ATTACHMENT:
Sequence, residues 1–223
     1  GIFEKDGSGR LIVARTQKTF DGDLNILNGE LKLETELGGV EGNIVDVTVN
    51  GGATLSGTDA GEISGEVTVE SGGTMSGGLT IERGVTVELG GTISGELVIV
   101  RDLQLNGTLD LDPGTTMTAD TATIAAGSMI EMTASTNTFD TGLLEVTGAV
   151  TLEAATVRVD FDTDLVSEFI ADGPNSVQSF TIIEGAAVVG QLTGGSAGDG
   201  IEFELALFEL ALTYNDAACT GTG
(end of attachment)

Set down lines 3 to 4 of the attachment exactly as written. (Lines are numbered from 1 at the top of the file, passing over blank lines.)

    51  GGATLSGTDA GEISGEVTVE SGGTMSGGLT IERGVTVELG GTISGELVIV
   101  RDLQLNGTLD LDPGTTMTAD TATIAAGSMI EMTASTNTFD TGLLEVTGAV